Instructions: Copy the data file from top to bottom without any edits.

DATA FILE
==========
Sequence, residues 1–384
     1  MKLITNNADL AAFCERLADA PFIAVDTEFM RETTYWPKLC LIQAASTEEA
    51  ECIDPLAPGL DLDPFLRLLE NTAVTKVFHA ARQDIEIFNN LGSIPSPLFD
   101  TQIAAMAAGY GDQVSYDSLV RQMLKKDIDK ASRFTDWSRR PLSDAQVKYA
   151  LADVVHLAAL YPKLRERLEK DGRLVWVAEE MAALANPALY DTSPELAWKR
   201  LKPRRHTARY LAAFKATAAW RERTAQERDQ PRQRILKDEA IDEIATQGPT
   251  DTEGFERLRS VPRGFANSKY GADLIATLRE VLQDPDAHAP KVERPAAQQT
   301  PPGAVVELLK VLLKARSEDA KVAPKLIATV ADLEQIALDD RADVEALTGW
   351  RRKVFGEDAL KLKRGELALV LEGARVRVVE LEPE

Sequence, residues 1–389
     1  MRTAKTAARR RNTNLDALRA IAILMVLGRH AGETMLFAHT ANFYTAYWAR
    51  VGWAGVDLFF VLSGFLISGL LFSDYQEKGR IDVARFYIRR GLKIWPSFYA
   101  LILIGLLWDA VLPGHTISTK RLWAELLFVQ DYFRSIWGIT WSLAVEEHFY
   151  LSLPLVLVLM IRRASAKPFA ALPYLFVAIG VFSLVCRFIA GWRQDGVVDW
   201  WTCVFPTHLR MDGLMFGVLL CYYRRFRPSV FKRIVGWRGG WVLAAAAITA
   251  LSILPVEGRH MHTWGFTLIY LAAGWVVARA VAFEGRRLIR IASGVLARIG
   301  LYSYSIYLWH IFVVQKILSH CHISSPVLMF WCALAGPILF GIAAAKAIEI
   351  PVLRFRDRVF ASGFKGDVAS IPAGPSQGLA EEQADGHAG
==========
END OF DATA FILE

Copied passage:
Sequence, residues 1–384
     1  MKLITNNADL AAFCERLADA PFIAVDTEFM RETTYWPKLC LIQAASTEEA
    51  ECIDPLAPGL DLDPFLRLLE NTAVTKVFHA ARQDIEIFNN LGSIPSPLFD
   101  TQIAAMAAGY GDQVSYDSLV RQMLKKDIDK ASRFTDWSRR PLSDAQVKYA
   151  LADVVHLAAL YPKLRERLEK DGRLVWVAEE MAALANPALY DTSPELAWKR
   201  LKPRRHTARY LAAFKATAAW RERTAQERDQ PRQRILKDEA IDEIATQGPT
   251  DTEGFERLRS VPRGFANSKY GADLIATLRE VLQDPDAHAP KVERPAAQQT
   301  PPGAVVELLK VLLKARSEDA KVAPKLIATV ADLEQIALDD RADVEALTGW
   351  RRKVFGEDAL KLKRGELALV LEGARVRVVE LEPE

Sequence, residues 1–389
     1  MRTAKTAARR RNTNLDALRA IAILMVLGRH AGETMLFAHT ANFYTAYWAR
    51  VGWAGVDLFF VLSGFLISGL LFSDYQEKGR IDVARFYIRR GLKIWPSFYA
   101  LILIGLLWDA VLPGHTISTK RLWAELLFVQ DYFRSIWGIT WSLAVEEHFY
   151  LSLPLVLVLM IRRASAKPFA ALPYLFVAIG VFSLVCRFIA GWRQDGVVDW
   201  WTCVFPTHLR MDGLMFGVLL CYYRRFRPSV FKRIVGWRGG WVLAAAAITA
   251  LSILPVEGRH MHTWGFTLIY LAAGWVVARA VAFEGRRLIR IASGVLARIG
   301  LYSYSIYLWH IFVVQKILSH CHISSPVLMF WCALAGPILF GIAAAKAIEI
   351  PVLRFRDRVF ASGFKGDVAS IPAGPSQGLA EEQADGHAG